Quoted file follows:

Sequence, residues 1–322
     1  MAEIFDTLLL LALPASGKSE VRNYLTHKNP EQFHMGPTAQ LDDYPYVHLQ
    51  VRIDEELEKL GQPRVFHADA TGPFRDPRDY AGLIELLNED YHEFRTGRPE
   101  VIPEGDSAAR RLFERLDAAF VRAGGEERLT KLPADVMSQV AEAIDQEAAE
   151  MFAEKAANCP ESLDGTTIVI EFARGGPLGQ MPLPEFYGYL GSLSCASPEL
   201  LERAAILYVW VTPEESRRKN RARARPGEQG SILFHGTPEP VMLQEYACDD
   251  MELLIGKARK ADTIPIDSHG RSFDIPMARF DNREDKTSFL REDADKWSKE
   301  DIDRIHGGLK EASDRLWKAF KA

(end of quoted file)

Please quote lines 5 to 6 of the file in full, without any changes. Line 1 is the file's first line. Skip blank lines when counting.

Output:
   151  MFAEKAANCP ESLDGTTIVI EFARGGPLGQ MPLPEFYGYL GSLSCASPEL
   201  LERAAILYVW VTPEESRRKN RARARPGEQG SILFHGTPEP VMLQEYACDD